The last and final element, vehicles. We had two trucks, a low trailer and a horse trailer. Mickey went straight out, caught the odor right away, and went to the other side of the horse trailer. It was set behind the wheel, but because he was trying to source all over the place, I accidentally called at the last place he bopped his nose.I did see him stick his head in the side of the tire, but I was nervous to call it since it seemed like he wanted to source more. When I didn't call it, he got a bit nervous and he is known to start doing false alerts when he's frustrated. So he did source correctly, I was struggling reading it since he moved around like it could be some place else. At a later practice, I learned how to read him better, so i learned from this experience.

          Just like we all want our title, we didn't get it, but I wasn't bummed. I was elated at the experience. I learned. The travel to get to the trial from down south and working an environment my dog and i are not use to doing I think was fantastic in how he did. To me, this is all apart of trialing, having great learning experiences. When we get too caught up in a title, we loose the whole fun of working with our dogs. I love Mickey dearly and this is to honor him on such a wonderful job he does.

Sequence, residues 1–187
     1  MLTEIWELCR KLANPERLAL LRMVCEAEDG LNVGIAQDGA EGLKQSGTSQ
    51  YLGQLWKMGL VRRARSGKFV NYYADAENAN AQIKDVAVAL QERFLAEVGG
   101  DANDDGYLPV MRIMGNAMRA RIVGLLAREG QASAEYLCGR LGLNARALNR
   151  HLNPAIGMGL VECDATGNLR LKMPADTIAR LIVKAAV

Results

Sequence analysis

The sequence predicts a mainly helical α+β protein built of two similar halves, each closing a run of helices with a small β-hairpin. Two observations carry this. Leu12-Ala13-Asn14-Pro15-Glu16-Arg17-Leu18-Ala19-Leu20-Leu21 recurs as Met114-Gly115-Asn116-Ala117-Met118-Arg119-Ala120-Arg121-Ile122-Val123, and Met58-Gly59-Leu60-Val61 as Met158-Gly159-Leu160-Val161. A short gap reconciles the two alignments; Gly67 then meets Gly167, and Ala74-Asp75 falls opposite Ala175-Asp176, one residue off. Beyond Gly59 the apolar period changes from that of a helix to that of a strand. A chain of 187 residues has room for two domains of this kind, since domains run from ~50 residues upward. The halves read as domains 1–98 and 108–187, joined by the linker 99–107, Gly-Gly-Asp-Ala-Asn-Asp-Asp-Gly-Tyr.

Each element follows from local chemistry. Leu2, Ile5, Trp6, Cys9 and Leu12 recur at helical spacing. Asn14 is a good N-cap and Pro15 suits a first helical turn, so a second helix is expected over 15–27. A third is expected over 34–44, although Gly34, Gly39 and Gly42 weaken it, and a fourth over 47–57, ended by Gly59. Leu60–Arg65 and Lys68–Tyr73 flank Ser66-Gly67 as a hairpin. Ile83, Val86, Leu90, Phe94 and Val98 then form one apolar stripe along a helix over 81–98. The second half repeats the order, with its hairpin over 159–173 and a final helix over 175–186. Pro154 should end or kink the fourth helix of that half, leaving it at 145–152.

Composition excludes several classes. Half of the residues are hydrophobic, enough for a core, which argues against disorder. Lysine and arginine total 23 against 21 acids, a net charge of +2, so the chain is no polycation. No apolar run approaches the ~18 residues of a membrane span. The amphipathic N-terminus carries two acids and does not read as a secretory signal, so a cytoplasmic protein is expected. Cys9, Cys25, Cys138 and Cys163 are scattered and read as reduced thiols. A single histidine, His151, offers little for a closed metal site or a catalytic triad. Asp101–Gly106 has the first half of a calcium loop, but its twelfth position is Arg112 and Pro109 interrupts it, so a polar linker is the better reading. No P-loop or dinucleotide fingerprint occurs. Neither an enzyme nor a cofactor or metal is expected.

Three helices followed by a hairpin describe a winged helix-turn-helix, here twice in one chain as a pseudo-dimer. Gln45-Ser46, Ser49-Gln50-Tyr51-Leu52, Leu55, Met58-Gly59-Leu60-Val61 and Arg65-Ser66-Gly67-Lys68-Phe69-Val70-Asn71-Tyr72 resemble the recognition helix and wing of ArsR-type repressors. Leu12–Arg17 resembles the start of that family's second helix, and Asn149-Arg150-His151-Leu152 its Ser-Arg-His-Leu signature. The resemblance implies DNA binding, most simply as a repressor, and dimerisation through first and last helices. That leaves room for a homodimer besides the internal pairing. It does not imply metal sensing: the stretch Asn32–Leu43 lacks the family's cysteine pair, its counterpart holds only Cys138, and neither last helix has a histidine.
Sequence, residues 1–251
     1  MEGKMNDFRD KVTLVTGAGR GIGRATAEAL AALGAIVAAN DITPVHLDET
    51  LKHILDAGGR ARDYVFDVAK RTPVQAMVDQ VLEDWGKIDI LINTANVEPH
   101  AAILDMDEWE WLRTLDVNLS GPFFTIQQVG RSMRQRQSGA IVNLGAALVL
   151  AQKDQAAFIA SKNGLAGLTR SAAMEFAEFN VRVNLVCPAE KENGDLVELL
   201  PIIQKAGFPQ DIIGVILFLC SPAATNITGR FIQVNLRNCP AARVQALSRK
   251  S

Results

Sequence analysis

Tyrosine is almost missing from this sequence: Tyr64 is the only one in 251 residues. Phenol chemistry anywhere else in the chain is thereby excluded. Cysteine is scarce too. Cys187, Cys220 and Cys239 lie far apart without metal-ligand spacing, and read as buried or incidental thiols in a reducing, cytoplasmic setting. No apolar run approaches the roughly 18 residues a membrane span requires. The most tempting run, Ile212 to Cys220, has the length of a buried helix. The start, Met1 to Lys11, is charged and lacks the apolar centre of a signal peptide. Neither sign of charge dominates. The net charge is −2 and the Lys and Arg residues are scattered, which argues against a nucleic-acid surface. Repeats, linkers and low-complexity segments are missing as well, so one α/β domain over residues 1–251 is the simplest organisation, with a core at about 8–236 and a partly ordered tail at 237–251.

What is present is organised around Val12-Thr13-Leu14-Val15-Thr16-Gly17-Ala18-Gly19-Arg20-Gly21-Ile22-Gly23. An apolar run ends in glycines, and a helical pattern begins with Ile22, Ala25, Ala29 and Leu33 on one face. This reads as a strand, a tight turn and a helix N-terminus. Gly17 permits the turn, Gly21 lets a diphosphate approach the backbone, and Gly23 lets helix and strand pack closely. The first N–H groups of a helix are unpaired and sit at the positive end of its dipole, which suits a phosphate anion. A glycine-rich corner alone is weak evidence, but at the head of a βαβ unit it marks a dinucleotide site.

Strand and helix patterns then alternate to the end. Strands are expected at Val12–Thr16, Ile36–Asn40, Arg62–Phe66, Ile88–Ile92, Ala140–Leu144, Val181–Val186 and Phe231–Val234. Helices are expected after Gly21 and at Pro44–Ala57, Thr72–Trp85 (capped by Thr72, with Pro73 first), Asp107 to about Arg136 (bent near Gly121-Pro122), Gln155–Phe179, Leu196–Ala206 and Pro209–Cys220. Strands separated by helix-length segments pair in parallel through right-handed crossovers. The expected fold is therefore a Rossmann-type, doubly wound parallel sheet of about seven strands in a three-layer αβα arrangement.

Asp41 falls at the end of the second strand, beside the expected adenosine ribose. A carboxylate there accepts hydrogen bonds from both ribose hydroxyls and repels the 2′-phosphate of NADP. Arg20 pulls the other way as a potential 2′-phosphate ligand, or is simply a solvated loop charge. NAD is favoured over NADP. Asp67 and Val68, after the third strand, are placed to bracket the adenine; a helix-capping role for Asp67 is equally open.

The next day was time to go home. That evening I cranked up the heater. I normally like a room cold, but from being wet all day with soggy socks (even after changing them once already during the day) I was ready to get back home where it was dry. I love Washington State. I love the people, the culture and the beauty it holds. I hope I can trial there again. Alecia who hosted the trial is an awesome lady. I'm glad I decided not to transfer to Seattle to live. This trip really confirmed that it wouldn't be good for my body.

           As for Mickey, we bonded closer on this trip. It was like having my awesome service dog back. He just falls into his roll so well. he alerts me to things that are so natural. i miss this dog so much and love him so much. I'm so blessed to have him.  In 4 weeks we trial again in Vista, CA. Only a 45 minute drive from home. We get another fun chances to have some fun solving puzzles again.